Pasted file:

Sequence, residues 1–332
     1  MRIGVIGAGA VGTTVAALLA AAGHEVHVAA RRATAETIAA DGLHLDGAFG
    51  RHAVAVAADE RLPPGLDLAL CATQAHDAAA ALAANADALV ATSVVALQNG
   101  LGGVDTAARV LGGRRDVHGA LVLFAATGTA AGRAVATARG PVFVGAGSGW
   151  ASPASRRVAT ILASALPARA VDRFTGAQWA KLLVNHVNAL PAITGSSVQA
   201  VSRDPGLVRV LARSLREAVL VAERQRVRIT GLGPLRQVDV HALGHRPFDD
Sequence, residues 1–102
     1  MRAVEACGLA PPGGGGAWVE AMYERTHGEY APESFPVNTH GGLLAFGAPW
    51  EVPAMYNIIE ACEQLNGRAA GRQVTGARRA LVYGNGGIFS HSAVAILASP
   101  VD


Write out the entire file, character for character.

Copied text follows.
Sequence, residues 1–332
     1  MRIGVIGAGA VGTTVAALLA AAGHEVHVAA RRATAETIAA DGLHLDGAFG
    51  RHAVAVAADE RLPPGLDLAL CATQAHDAAA ALAANADALV ATSVVALQNG
   101  LGGVDTAARV LGGRRDVHGA LVLFAATGTA AGRAVATARG PVFVGAGSGW
   151  ASPASRRVAT ILASALPARA VDRFTGAQWA KLLVNHVNAL PAITGSSVQA
   201  VSRDPGLVRV LARSLREAVL VAERQRVRIT GLGPLRQVDV HALGHRPFDD
Sequence, residues 1–102
     1  MRAVEACGLA PPGGGGAWVE AMYERTHGEY APESFPVNTH GGLLAFGAPW
    51  EVPAMYNIIE ACEQLNGRAA GRQVTGARRA LVYGNGGIFS HSAVAILASP
   101  VD